Climate Disasters Threaten to Widen U.S. Wealth Gap

CLIMATEWIRE | Climate change is expected to exacerbate social inequality in the United States and put millions of people at risk of severe financial distress, according to a new report from the Treasury Department.

The findings, released Friday, focused on two sets of data.

Using county-level climate projections through 2045, the Treasury Department determined that about half of all U.S. counties face “elevated exposure” to one or multiple climate hazards including wildfire, extreme heat and flooding.

Treasury officials then overlaid that information with data about each county’s “social vulnerability,” which takes in account more than a dozen factors including poverty, health conditions, race and ethnicity.

The result: About 1 in 5 U.S. counties are both socially vulnerable and highly exposed to natural disasters.

It’s a combination that has the potential to “compound existing inequities and cause disproportionate financial strain,” according to the report.

As one example, the report looked at the Appalachian region of the eastern United States, which is more likely to flood as the planet warms. In addition to the climate threat, residents in that part of the country often have reduced access to health care services and “more limited employment opportunities,” the report says.

Taken together, “households in this region may struggle to manage expenses if flooding events result in reduced working hours, or damage or destruction of household property,” wrote Treasury officials.

Appalachia isn’t the only region at risk. The report highlighted similar problems in the southwestern United States, which is exposed to wildfires, and the Mississippi Delta, which is vulnerable to spells of extreme heat.

High temperatures can be especially dangerous for Americans with less wealth.

“Lower-income households often lack access to air conditioning, which may make them more susceptible to heat-related illnesses,” the report said. “Additionally, households in the Mississippi Delta are more likely to include older adults and individuals with pre-existing health conditions. These households may experience financial strain from added healthcare and utility costs.”

The dual threat of climate impacts and social vulnerability isn’t a new problem. But policymakers say it’s an issue that deserves a robust response.

“We know managing financial risk is not a new challenge, especially for low income and underserved communities who are often extremely sophisticated budgeters,” Suzanna Fritzberg who serves as a deputy assistant secretary at the Treasury Department, said Friday during an event hosted by the Urban Institute.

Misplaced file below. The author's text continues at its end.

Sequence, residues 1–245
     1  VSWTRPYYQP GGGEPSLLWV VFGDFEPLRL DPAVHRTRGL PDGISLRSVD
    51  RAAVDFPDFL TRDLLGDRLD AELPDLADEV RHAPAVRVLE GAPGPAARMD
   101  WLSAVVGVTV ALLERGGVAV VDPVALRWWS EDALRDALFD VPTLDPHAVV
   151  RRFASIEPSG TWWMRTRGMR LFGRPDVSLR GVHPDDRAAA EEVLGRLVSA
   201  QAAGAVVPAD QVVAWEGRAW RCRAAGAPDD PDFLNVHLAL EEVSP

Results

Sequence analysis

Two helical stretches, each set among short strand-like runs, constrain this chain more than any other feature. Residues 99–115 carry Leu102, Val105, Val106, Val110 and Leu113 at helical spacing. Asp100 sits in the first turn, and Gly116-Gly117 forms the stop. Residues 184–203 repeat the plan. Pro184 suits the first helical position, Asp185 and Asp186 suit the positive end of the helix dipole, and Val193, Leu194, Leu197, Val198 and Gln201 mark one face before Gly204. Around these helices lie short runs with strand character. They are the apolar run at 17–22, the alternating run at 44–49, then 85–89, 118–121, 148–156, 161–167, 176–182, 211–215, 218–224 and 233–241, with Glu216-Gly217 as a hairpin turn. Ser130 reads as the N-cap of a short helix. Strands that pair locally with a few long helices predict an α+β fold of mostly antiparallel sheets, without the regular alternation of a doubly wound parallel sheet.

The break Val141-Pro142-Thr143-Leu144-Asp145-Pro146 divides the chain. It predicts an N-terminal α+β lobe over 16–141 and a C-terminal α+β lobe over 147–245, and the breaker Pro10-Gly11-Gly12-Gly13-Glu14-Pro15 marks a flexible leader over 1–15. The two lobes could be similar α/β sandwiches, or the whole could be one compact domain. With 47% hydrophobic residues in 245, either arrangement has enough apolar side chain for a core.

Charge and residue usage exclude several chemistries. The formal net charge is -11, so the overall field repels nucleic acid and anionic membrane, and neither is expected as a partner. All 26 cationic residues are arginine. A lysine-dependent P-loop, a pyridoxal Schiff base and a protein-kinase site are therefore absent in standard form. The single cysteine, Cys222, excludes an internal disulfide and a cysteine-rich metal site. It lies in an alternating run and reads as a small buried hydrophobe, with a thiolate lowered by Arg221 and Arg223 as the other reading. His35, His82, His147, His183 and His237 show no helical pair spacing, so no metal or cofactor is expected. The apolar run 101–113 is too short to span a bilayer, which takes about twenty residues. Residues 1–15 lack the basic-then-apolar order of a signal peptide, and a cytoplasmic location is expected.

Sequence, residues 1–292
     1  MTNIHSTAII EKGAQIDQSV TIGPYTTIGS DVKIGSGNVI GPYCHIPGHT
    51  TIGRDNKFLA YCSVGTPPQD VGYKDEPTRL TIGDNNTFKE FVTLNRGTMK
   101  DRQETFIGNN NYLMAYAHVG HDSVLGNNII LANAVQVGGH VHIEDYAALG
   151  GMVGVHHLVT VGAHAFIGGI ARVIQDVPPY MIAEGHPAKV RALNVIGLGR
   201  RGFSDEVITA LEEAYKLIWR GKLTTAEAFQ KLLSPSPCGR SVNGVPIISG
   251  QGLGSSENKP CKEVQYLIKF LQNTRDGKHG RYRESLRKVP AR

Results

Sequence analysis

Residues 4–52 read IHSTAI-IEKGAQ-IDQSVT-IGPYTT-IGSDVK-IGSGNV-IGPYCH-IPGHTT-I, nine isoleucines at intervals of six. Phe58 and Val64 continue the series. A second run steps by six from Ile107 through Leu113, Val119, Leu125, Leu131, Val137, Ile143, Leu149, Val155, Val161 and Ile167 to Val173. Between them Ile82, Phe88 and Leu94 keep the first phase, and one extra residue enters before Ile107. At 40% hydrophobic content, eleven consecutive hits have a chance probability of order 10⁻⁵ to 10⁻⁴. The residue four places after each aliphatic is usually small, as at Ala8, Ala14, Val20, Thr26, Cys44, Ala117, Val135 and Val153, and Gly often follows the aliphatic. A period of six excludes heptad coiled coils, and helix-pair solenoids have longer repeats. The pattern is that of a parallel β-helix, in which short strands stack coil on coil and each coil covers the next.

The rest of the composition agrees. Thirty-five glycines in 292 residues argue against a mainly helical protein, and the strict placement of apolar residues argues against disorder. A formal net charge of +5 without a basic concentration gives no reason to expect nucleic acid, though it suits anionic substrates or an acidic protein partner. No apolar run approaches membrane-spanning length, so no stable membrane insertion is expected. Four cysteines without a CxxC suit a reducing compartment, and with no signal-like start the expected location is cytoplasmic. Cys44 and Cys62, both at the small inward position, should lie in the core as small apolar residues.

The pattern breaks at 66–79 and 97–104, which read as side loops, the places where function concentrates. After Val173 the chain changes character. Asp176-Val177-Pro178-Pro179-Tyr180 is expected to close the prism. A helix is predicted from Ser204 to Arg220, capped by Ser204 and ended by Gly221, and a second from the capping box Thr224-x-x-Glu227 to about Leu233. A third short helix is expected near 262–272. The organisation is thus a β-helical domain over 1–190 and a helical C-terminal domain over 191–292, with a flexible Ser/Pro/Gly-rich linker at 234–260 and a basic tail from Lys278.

“But it is an emerging risk, it is complex,” Fritzberg added. “It has both near-term and long-term challenges.”

The report comes more than two years after President Joe Biden signed an executive order directing federal agencies to consider the financial threats of climate change.

That has resulted in a range of actions from the Treasury Department, including working with a council of top financial regulators to examine how natural disasters and the transition away from fossil-based energy could affect the global financial system.

The agency also has called on property and casualty insurers to provide ZIP-code-level data about climate-fueled financial risk, and it more recently released principles meant to streamline financial firms’ climate commitments.

Even so, more work needs to be done.

The report outlines several examples of how climate impacts or disasters can affect household finances. That includes an interruption of income, particularly for outdoor workers in industries such as agriculture, tourism and construction. Floods and wildfires can also be devastating for families who do not have the savings required to quickly repair their homes.

Those scenarios are made worse, Treasury argues, by the fact that many households are both underinsured and face high insurance premiums — further cutting into their savings and leaving their homes unprotected.

Also notable is that in the wake of a disaster some households turn to loans or credit cards to cover costs — and struggle to make payments on existing debt. That can increase their likelihood of default, an outcome that can have a long-term impact on credit scores and access to money.

“That was really our goal with this report, was to try to really put the granular household-level focus on some of these broader events where we see the macro-level impacts and the costs, but understand how it really reflects in people’s day to day lives,” Graham Steele, Treasury’s assistant secretary for financial institutions, said Friday.

Reprinted from E&E News with permission from POLITICO, LLC. Copyright 2023. E&E News provides essential news for energy and environment professionals.


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